Tips for Avoiding Super Bowl Gluttony

Super Bowl Sunday marks the second-greatest eating day in the U.S., just behind Thanksgiving, according to the USDA. According to an article on CBS’s MoneyWatch.com, the number of pizza slices that Domino’s expects to sell on Super Bowl Sunday in 2010 is more than 9 million (1 piece of deep dish contains 430 calories and 22 grams of fat).  An article on AssociatedContent.com says, "7-Eleven claims a whopping 20 percent in sales of antacid the day after the Super Bowl."


You don’t need to deprive yourself to be healthier this Sunday and feel better on Monday. Why not try some of these healthy ideas:

1. Going to a party? If you're heading out to a friend’s where you know they'll be fatty foods galore, bring healthy treats to nosh on and share. Try hummus and veggies, steamed edamame with a little sea salt, salsa and baked chips, fresh popcorn with sea salt and spices (curry, paprika etc.), healthy trail mix (nuts, fruits, unsweetended coconut etc.) or some fresh fruit.

2. Are you having friends over, but don’t want to disappoint those expecting a traditional Super Bowl menu? Why not make some simple substitutions: Opt for baked chicken wings (instead of fried), pizza with whole-wheat crust and low-fat cheese, turkey or veggie chili (instead of beef) or baked sweet potato fries (slice them thinly, add a little olive oil and sea salt, and bake at 400 degrees for 20 minutes).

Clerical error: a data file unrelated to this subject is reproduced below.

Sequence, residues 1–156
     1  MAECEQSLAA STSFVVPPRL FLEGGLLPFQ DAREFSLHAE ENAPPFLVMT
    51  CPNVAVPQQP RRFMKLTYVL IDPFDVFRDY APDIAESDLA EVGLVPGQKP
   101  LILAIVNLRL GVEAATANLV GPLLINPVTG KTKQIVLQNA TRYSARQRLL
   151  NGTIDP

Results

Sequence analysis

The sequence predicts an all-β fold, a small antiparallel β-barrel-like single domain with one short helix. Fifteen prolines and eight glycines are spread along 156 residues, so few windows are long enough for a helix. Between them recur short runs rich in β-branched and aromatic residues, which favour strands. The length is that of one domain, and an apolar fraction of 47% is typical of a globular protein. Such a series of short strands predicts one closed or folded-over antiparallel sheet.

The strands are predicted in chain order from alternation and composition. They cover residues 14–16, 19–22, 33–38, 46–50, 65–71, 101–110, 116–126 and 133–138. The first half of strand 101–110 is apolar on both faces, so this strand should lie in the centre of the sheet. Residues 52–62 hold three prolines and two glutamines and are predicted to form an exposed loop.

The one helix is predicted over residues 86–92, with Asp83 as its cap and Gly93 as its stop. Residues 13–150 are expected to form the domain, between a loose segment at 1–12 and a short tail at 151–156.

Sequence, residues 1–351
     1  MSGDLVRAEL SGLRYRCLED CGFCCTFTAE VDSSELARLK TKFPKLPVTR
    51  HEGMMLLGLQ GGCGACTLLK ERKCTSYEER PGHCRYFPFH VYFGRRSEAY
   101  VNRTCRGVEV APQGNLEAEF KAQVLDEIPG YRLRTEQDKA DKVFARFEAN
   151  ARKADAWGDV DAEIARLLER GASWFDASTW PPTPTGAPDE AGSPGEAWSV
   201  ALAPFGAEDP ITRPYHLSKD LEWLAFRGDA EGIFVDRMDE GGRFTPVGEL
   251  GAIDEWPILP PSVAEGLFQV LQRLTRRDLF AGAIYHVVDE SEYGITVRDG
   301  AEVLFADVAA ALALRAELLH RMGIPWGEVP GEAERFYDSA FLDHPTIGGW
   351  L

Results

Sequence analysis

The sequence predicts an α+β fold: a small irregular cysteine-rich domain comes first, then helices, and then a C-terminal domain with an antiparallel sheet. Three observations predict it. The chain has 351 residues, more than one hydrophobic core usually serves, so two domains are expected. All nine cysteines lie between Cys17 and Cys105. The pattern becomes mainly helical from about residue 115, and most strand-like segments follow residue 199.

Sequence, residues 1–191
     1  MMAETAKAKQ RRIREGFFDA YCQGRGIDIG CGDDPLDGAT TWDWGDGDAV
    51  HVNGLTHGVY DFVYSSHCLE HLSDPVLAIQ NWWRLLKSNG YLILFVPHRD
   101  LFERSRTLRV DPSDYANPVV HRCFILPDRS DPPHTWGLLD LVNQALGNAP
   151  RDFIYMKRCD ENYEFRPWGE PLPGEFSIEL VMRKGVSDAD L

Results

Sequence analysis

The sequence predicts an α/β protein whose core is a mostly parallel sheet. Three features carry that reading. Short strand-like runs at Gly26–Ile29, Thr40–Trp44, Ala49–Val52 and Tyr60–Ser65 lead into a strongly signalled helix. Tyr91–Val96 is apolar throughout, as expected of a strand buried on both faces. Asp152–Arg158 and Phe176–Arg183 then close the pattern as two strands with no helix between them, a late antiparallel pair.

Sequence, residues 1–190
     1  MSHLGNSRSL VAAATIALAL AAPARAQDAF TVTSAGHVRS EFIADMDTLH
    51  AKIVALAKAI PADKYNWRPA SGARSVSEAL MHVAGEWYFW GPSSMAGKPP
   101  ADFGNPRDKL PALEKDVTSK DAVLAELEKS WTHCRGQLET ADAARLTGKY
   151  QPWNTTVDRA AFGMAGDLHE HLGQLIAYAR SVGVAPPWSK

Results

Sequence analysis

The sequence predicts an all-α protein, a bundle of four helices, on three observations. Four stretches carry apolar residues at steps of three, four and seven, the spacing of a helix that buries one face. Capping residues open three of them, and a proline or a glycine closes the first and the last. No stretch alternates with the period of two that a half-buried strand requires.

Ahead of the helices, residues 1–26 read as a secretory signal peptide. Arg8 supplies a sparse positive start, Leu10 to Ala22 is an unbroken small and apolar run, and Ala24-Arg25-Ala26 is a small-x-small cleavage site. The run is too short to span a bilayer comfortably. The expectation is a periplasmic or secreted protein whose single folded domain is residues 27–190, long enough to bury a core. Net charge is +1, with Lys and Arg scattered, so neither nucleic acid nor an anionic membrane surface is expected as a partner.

3. Don't sit down to watch the game starved. Skipping breakfast or lunch will just make you want to shovel it in by kickoff, so have something healthy to eat during the day to avoid overeating later.

4. Stay Hydrated. Opt of water or seltzer (maybe with a splash of cranberry?) over a coke or diet coke. If you choose to have alcohol, do it in moderation and go for the antioxidant-filled red wine over beer or other beverages.

5. Move your body. Get in a workout before the festivities begin. How about setting up a pre-bowl football game of your own in the backyard? Afterwards, why not take a long walk to help you digest?

Safety note: Don’t let food sit out all day. The USDA suggests leaving perishable items out no longer than two hours.

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